Gazprom to boost domestic storage for winter
Russian gas monopoly Gazprom is planning to outdo this coming winter the records set by its domestic storage facilities in the 2020-2021 winter, it said May 13. Last winter saw exceptional demand as sub-normal temperatures persisted well into this spring.
Gas supplies to domestic consumers through Gazprom’s gas transmission system grew by 8.9% year on year. It also exported 14.8% more to Europe and Turkey from October to March. In October 2020 and January 2021, Gazprom recorded new all-time high figures of gas supply ever observed in these months: 17.4bn m³ and 19.5bn m³.
In order to ensure the reliable operation of the UGSS in the 2021–2022 autumn/winter period, the company plans to stockpile at least 72.638bn m³ and increase potential maximum daily deliverability to 847.9mn m³.
In the latest heating season, working gas inventories amounted to an all-time high of 72.322bn m³, and their potential maximum daily deliverability was 843.3mn m³, also an all-time high. Withdrawals amounted to 60.6bn m³, another record-high for Russia.
Gazprom is also working on its programme to expand the gas supply and gas infrastructure network in Russian regions through 2030, following the government’s goals. For the first time, its plans include LNG and liquid petroleum gas (LPG) as part of the energy supply plan.
For the next 2021-25 period, Gazprom signed gas supply and infrastructure expansion projects with 67 Russian regions. The amount of financing is almost three times more than in 2016–2020. Over two-thirds of the investments will be provided to rural areas. By 2026, gas grid expansion will be completed to the fullest extent technically possible in 35 regions of Russia.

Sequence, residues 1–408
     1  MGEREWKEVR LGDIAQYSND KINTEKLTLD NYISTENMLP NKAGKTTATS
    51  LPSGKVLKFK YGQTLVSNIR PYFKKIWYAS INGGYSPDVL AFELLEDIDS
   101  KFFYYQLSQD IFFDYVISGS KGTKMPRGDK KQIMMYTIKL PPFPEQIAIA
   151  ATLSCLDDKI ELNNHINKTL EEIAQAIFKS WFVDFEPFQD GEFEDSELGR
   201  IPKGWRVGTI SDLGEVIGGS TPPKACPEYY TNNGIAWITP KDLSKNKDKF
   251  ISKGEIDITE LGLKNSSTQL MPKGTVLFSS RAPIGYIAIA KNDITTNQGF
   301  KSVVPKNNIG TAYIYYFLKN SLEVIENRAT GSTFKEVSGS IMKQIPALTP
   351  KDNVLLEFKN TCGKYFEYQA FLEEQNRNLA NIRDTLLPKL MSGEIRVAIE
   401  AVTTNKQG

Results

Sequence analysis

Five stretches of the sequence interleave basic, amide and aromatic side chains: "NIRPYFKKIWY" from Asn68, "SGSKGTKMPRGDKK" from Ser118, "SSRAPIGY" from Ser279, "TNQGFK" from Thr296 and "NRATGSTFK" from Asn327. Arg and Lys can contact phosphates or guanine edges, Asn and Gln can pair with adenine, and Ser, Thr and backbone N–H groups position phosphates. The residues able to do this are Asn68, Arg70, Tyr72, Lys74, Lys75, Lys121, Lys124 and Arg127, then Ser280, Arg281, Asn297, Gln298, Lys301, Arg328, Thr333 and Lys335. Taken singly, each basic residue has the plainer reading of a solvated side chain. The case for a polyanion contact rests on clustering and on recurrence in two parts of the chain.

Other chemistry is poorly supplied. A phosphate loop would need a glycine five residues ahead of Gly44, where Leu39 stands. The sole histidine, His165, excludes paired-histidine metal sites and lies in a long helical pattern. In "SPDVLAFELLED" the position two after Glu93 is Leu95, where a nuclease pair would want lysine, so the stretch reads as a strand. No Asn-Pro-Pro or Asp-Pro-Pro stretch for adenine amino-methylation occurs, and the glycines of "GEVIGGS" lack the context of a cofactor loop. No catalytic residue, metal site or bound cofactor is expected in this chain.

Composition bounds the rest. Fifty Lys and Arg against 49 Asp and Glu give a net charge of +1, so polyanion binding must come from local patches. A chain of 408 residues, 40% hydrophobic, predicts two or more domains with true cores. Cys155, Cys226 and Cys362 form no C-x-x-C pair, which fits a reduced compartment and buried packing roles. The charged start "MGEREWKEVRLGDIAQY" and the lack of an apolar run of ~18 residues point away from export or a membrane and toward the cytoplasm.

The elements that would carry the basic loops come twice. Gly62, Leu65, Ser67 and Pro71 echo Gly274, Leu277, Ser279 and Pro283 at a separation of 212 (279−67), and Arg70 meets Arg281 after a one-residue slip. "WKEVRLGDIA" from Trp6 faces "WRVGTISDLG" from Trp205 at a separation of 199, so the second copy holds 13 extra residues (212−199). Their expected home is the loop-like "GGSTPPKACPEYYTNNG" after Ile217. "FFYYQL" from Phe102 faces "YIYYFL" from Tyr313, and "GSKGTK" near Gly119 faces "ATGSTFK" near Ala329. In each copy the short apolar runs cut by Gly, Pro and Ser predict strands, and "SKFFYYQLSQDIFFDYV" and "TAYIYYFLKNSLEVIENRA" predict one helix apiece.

The programme introduces a new scheme whereby gas supply and gas infrastructure expansion programmes will be based on regional fuel and energy balance plans (FEBPs). They will take into account forecast energy consumption and the prospects for the regions' development, as well as the possibility of using alternative gas sources such as LNG and LPG or other types of fuel instead of pipeline gas.
"These FEBPs will make it possible, in particular, to deliver comprehensive forecasts of the demand for gas and other energy carriers, and ensure a proper balance between all branches of the energy sector," it said.
Another novelty is the introduction of the role of a 'single operator of gas infrastructure expansion' responsible for the construction of gas pipeline branches, distribution stations, inter-settlement gas pipelines, and gas distribution networks.
The establishment of the single operator of gas infrastructure expansion will also make it possible to synchronise the construction of gas infrastructure expansion facilities, achieve a considerable optimisation of the construction costs, and reduce the time required for connecting consumers to gas supply networks, it said.
Gazprom has already submitted proposals to ease the administrative barriers in the design development and construction of gas supply facilities, and accelerate Russia's gas infrastructure expansion in general, it said.